HistoryThis section has been translated automatically.
Emmons and Ashburn, 1942
DefinitionThis section has been translated automatically.
Systemic mycosis of the lungs, which occurs worldwide in lower vertebrates (rodents) and is only very rarely infectious for humans.
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PathogenThis section has been translated automatically.
Emmonsia spp., in particular Emmonsia crescens and Emmonsia parva. "Adiaspiromykosis" is derived from the conidia of the pathogens (adiaconidia), which have the rare ability to grow extensively without replication at body temperatures but never to multiply in the host. Enlargement from 1-2 μm to 200-600 μm (E. crescens) or 20-40 μm (E. parva) and expansion of volume to up to 1 million times the extracorporeal state after uptake into the host's lungs.
EtiopathogenesisThis section has been translated automatically.
Infection with Emmonsia spp. by uptake of spores from the soil or dust via the respiratory tract.
ManifestationThis section has been translated automatically.
Mostly in patients with severe immunosuppression, e.g. HIV-infected persons.
Clinical featuresThis section has been translated automatically.
- Very rarely disseminated courses outside the lung infestation with cough, slight fever, sputum and shortness of breath.
- Skin infestation: Preferably on the extremities and face single or multiple, ulcerating, granulomatous papules with a verrucous-crustose surface as well as larger nodules which tend to ulceration and reach into the subcutis.
DiagnosisThis section has been translated automatically.
Clinic, X-ray thorax (reticulonodular infiltrates), bronchoalveolar lavage, lung biopsy, cultivation of the pathogen in culture from biopsy specimen (typical: adiaspores!)
Internal therapyThis section has been translated automatically.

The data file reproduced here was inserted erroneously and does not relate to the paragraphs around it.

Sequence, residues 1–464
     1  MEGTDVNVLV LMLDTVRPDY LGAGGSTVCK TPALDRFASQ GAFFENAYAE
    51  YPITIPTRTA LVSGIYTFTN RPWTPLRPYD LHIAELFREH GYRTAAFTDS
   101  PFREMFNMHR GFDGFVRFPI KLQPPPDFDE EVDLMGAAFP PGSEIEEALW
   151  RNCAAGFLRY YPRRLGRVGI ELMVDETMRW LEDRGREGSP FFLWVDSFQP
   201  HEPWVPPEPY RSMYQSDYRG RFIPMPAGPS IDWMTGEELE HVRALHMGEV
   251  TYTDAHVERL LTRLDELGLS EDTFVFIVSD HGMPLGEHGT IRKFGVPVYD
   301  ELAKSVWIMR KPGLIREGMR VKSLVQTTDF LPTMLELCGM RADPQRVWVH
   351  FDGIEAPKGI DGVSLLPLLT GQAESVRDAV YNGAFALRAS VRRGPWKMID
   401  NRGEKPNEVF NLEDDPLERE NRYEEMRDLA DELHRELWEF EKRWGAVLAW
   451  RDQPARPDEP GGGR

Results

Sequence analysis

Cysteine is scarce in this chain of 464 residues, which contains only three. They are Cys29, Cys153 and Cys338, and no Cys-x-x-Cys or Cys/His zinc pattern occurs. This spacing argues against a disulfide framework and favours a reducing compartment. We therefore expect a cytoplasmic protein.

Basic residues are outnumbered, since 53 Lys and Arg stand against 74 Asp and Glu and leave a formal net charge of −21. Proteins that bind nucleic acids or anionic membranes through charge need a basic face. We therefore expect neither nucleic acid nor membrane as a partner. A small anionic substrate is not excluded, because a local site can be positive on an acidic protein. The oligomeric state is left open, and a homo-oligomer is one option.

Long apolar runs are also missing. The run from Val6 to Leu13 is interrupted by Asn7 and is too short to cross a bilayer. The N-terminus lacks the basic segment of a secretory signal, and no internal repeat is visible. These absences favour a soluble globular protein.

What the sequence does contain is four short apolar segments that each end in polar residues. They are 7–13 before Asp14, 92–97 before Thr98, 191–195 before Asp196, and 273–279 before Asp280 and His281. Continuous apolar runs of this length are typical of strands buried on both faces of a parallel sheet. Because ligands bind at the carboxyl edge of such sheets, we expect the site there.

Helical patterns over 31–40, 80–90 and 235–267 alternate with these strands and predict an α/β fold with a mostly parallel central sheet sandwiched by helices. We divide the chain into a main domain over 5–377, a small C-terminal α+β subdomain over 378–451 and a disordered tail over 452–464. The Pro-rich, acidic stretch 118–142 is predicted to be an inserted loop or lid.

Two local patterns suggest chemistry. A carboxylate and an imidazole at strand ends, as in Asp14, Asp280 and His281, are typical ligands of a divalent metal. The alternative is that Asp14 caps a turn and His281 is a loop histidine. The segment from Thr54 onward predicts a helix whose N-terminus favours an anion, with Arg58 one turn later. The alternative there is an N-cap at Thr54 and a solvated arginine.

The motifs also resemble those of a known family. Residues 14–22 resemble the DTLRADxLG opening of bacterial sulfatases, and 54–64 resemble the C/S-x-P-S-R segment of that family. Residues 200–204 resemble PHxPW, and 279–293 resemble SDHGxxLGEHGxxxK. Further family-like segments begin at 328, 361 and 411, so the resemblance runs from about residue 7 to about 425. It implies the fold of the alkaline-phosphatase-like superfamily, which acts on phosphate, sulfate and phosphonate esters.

Amphotericin B (e.g. Amphotericin B) i.v. 1 mg/kg bw/day for 4-6 weeks or liposomal Amphotericin B (e.g. AmBisome) initial 1 mg/kg bw i.v.; if necessary, gradually increase to 3 mg/kg bw i.v. Alternatively: Fluconazole (e.g. Diflucan) 200-400 mg/day i.v. until the infection subsides.
Progression/forecastThis section has been translated automatically.
Occasionally spontaneous healing with a good immune constitution; with immunosuppression often a fulminant course.
LiteratureThis section has been translated automatically.
- Echavarria E et al (1993) Disseminated adiaspiromycosis in a patient with AIDS. J Med Vet Mycol 31: 91-97
- Emmons CW, Ashburn LL (1942) The isolation of Haplosporangium parvum n.sp. and Coccidiodiodes immitis from wild rodents. Public Health Rep 57: 1715-1727
- Peres LC et al (1992) Fulminant disseminated pulmonary adiaspiromycosis in humans. Am J Trop Med Hyg 46: 146-150
- Peterson SW ET AL: (1998) Molecular genetic variation in Emmonsia crescens and Emmonsia parva, etiologic agents of adiaspiromycosis, and their phylogenetic relationship to Blastomyces dermatitidis (Ajellomyces dermatitidis) and other systemic fungal pathogens. J Clin Microbiol 36: 2918-2925
- Turner D et al (1999) Pulmonary adiaspiromycosis in a patient with acquired immunodeficiency syndrome. Eur J Clin Microbiol Infect Dis 18: 893-895
Incoming links (1)Lung diseases, skin changes;
Outgoing links (1)Hiv infection;
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